White lies. Tell her you’ve got an appointment re your studies etc.
     
  11. Izzy

    Izzy Volunteer Moderator

    Aug 31, 2003
    59,431
    Female
    Dundee
    A wise decision @Palerider. You need to have some time to yourself or you’ll end up with carer breakdown. I’m sure you’ll come up with some strategies. As Cat says ‘love lies’ might be the way ahead.
     
  12. canary

    canary Registered User

    Feb 25, 2014
    10,185
    Female
    South coast
    Its difficult once they get to the stage of not coping, but not being able to understand this. She wont be happy coming with you and she wont be happy being left behind - and she wont be able to understand this. So, yes, I agree - love lies are the way (I have also heard them called "therapeutic untruths" if this concept is easier for you). Meeting up with friends sounds like fun to her, so come up with something that she wouldnt want to go to and stress how boring it will be, but you have to go ;)
     
  13. Palerider

    Palerider Registered User

    Aug 9, 2015
    520
    Male
    North West
    Thanks Cat27, Izzy and Canary

    I think the time has come to change the game a little and I agree 'therapeutic untruths' need to be used more frequently now. She is quite happy pottering around at home, and probably the best thing to do is leave her at home when I'm meeting friends etc.

    I have cancelled the trip to Cornwall this weekend, we should have left yesterday but I had already decided not to go and went to see my friends instead. Mum had forgotten all about Cornwall (luckily), this is because she seems more and more fixated on being at home.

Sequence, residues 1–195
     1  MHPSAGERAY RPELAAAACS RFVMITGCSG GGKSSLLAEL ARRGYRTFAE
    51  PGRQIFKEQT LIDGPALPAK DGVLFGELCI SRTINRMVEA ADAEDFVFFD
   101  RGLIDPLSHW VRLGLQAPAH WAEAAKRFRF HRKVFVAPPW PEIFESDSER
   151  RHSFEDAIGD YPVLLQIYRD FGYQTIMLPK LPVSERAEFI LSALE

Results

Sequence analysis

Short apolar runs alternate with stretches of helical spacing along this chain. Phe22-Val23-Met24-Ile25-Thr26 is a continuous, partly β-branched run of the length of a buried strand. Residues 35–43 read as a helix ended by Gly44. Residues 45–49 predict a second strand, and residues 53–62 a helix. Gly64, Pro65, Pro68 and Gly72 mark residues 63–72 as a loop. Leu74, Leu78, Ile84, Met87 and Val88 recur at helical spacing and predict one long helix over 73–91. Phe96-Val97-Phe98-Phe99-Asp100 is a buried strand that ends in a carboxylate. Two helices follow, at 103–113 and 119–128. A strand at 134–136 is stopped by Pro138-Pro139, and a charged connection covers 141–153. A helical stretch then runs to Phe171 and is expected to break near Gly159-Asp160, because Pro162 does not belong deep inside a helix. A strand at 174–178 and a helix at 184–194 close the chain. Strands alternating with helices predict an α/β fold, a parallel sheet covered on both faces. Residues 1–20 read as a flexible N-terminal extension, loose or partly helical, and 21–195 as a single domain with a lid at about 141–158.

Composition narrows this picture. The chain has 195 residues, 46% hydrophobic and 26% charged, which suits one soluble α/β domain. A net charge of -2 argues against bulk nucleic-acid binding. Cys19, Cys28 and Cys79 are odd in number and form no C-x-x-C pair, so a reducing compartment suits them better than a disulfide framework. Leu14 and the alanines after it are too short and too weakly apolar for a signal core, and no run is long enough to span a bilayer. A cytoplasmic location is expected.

The carnival is over (a Seekers song), I think the journey is now going to be very much more downhill with less and less light shining through. Over the last 6 months or so mum has changed quite rapidly in comparison to what was a slow decline before.
     
  14. Jaded'n'faded

    Jaded'n'faded Registered User

    Jan 23, 2019
    418
    Female
    High Peak
    When you see someone often, you sometimes don't really notice the changes. My invisible brother (has managed just one visit to mum this year :rolleyes:) says, 'Why didn't you tell me she was this bad?' as it comes as a shock to him. Which surprises me as she only seems a bit worse to me. His fault as it is so long since his last visit...

    But often it's the small things. Whilst I was visiting last week, two carers came in to get mum changed. I'd been sitting chatting with her and she was... fairly ok. But the palaver! First she says, 'I'm wet up to here.' (points to her nose), which she wasn't. Then 3 of us try to steer her to the en-suite which she didn't recognise. She wanted to go out in the corridor. Once we got her in the bathroom I left the carers to it but could hear the conversation, 'Sit here, B, so we can get your trousers off.' Mum: 'Why?' Carer: 'No, not like that, turn round this way.... now sit down.... no, this way....no, on the toilet!' Etc, etc. Then she started telling them the Germans were in her bathroom.... o_O

    The carers are very good, but hearing mum talking to them is very weird. When I talk to her I am able to 'ground' her a bit but with anyone else it becomes clear just how completely muddled and confused she is. I don't think there has been a major downturn but the decline seems to be getting steeper. Her speech is really starting to break down now - lack of continuity, problems with word finding, etc. And just a general cognitive decline that is very sad to watch. I think she's moving from late stage 6 towards stage 7 now...

    Sorry you've missed your Cornwall trip but I think your decision was probably the right one. Home becomes the safe place more and more as people decline. Take care.
     
  15. Palerider